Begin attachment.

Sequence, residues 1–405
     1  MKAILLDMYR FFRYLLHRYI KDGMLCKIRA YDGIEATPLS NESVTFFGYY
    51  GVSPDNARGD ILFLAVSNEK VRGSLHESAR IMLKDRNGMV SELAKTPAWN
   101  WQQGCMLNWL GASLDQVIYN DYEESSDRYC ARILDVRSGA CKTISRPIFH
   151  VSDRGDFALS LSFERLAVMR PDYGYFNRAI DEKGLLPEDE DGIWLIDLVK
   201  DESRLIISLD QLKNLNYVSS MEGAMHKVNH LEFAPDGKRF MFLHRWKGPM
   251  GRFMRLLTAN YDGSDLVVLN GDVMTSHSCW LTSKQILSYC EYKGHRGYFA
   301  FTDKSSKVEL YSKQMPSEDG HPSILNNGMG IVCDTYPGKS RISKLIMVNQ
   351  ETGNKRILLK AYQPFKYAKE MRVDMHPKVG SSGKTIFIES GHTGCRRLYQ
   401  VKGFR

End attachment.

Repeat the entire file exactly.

Sequence, residues 1–405
     1  MKAILLDMYR FFRYLLHRYI KDGMLCKIRA YDGIEATPLS NESVTFFGYY
    51  GVSPDNARGD ILFLAVSNEK VRGSLHESAR IMLKDRNGMV SELAKTPAWN
   101  WQQGCMLNWL GASLDQVIYN DYEESSDRYC ARILDVRSGA CKTISRPIFH
   151  VSDRGDFALS LSFERLAVMR PDYGYFNRAI DEKGLLPEDE DGIWLIDLVK
   201  DESRLIISLD QLKNLNYVSS MEGAMHKVNH LEFAPDGKRF MFLHRWKGPM
   251  GRFMRLLTAN YDGSDLVVLN GDVMTSHSCW LTSKQILSYC EYKGHRGYFA
   301  FTDKSSKVEL YSKQMPSEDG HPSILNNGMG IVCDTYPGKS RISKLIMVNQ
   351  ETGNKRILLK AYQPFKYAKE MRVDMHPKVG SSGKTIFIES GHTGCRRLYQ
   401  VKGFR